Mental health counseling
• Substance abuse counseling
• Peer-to-peer support
• Recovery support group meetings
• Sober social activities and programs

A number of programs include sober dorms where no drugs or alcohol are permitted. These are environments where students support each other’s sobriety.

Transforming Youth Recovery, a non-profit organization, says the number of CRPs has grown from 35 to over 150 over the past five years. Approximately 50 have sober living residences for students.

In the wake of the biggest overdose epidemic in American history, it would be great to see every college and university campus to start creating sober dorms in recognition and support for the students who need ongoing help.

alcohol linked to risk of heart attack

Alcohol Abuse Linked to Heart Attack Risk

The results of a new study suggest that there is a link between alcohol abuse and heart issues, which are a leading cause of death worldwide. The study, which was published in the Journal of the American College of Cardiology, found that alcohol abuse increases the odds that a person will develop a heart attack, congestive heart failure or atrial fibrillation (an irregular heartbeat).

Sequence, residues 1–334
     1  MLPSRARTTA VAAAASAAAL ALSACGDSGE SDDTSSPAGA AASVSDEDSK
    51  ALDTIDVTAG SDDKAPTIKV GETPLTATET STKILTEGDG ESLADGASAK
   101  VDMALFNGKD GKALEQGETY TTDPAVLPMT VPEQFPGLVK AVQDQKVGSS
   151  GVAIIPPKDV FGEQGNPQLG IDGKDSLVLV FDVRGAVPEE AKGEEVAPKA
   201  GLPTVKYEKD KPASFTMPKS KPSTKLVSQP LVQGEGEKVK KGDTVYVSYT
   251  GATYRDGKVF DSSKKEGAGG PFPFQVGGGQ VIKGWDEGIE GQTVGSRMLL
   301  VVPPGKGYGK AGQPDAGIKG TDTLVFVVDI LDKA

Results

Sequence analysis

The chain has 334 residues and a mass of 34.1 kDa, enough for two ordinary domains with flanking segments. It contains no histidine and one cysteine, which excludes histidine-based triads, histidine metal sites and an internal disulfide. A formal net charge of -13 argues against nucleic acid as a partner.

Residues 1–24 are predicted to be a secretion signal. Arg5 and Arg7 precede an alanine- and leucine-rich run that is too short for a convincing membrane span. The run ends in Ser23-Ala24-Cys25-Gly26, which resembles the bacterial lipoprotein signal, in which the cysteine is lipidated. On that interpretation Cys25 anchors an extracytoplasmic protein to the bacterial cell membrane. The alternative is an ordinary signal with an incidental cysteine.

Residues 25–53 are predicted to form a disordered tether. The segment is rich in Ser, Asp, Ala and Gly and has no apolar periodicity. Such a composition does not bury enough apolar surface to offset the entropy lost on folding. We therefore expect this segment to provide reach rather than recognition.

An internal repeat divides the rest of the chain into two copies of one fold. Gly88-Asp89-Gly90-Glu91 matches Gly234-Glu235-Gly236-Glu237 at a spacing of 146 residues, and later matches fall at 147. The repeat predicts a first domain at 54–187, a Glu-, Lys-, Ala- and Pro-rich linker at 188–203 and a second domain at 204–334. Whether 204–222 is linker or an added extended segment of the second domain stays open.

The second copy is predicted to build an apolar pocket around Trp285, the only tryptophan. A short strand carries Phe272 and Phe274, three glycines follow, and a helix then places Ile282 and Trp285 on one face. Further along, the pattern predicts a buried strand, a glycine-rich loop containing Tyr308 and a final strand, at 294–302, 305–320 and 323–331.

Dr. Gregory M. Marcus, senior author of the study and the director clinical research in Division of Cardiology at the University of California, San Francisco, stated that one of the most surprising findings was the link between alcohol abuse and increased risk of heart attack. In the past, research had suggested that moderate drinking could help to ward off cardiac episodes.

Dr. Suzanne Steinbaum, the director of women’s heart health at Lenox Hill Hospital in New York City said that the media and scientists have focused their attention on the benefits of alcohol use. News items, such as pointing out that drinking a glass of wine each day to reap the benefits of resveratrol, only give people one part of the story of alcohol. Dr. Steinbaum stated the results of the new study are clear.